In past blog posts, we have discussed a variety of federal appeal cases. These cases have had a variety of topics, but in each case, the appellant was seeking a different outcome of a case than what was handed down by the previous court. It is important for anyone who needs to file an appeal to the federal court of appeals to understand a bit about the process.
In civil cases, either party can appeal the verdict of case. This varies from criminal cases because in a criminal case only the defendant can file an appeal. When a person files an appeal, he or she must show that there was a legal error made by an administrative agency or trial court that impacted the outcome of the case.
When you file an appeal, the appellate court only uses evidence that was presented in the original case. No additional witnesses or evidence are used in the appeal case. The original case record is reviewed by three judges who read the brief, or written legal argument presented by the person filing the appeal.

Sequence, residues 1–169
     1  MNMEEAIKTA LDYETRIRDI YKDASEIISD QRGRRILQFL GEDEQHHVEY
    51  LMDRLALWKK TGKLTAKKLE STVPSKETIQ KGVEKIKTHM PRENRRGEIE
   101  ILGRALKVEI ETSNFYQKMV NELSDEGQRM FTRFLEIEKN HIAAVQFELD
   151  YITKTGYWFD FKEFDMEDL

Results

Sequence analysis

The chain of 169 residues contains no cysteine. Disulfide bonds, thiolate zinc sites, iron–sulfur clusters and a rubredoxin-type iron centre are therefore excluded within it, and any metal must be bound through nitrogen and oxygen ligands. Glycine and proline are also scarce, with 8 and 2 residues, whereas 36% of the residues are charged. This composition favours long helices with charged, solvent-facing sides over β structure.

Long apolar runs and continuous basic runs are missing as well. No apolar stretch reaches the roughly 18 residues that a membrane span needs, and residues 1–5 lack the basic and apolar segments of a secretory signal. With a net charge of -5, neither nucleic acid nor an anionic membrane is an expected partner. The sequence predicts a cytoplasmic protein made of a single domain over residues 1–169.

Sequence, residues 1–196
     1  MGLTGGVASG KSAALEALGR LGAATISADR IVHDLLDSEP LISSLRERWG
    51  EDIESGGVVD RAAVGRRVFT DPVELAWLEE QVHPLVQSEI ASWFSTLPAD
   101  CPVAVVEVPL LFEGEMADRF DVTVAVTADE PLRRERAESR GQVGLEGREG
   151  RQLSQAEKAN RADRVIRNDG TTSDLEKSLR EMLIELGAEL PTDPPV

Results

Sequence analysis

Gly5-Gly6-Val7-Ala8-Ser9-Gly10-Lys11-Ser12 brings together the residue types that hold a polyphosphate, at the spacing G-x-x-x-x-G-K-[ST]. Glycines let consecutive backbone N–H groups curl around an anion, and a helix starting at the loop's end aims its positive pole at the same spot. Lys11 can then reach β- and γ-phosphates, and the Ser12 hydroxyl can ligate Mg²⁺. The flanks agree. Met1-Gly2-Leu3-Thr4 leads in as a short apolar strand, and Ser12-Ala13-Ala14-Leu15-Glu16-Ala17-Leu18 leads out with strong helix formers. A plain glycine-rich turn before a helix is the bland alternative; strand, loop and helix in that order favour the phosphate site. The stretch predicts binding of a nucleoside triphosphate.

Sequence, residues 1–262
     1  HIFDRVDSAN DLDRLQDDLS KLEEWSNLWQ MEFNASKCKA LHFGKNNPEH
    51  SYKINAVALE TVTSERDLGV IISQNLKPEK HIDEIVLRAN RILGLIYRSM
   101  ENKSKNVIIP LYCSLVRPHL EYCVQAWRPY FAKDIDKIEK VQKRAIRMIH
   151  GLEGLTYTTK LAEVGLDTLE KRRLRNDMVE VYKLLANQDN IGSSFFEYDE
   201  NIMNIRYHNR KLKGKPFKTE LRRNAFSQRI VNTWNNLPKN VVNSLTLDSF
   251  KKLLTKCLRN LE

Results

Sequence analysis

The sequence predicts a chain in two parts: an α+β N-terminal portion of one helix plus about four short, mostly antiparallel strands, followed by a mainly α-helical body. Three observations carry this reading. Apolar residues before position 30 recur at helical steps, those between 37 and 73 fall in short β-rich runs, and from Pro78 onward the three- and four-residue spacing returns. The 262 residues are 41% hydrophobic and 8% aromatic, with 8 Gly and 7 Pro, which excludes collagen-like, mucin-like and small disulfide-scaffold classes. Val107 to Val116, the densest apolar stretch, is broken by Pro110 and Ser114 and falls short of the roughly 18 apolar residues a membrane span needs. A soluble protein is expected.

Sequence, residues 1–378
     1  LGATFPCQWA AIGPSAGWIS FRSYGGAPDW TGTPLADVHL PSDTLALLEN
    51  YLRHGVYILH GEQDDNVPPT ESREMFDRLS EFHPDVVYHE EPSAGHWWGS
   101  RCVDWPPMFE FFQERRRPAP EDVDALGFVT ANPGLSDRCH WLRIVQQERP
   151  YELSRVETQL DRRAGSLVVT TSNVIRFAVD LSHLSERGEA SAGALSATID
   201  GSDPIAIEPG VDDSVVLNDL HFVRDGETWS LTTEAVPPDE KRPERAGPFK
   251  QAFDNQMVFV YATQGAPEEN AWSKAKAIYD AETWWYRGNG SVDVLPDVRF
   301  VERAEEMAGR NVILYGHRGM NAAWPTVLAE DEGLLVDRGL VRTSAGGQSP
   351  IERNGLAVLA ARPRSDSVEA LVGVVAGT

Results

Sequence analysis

The other party, or appellee, can submit a short statement describing why the original verdict was correct. The appeal court might ask for oral arguments in a case. If this occurs, each side is given a short period of time to address the court.
Generally, the decision by the appeal court is the final word on the matter. In some cases, however, the appellate court opts to remand the case back to the trial court. It is also possible for the parties in an appeals case to seek a review from the United States Supreme Court.
A comprehensive understanding of the laws pertaining to the case is vital if a person plans on filing a federal appeal. In some cases, knowing the laws can make filing the appeal easier.
Source: United States Courts, "The Appeals Process," accessed April. 09, 2015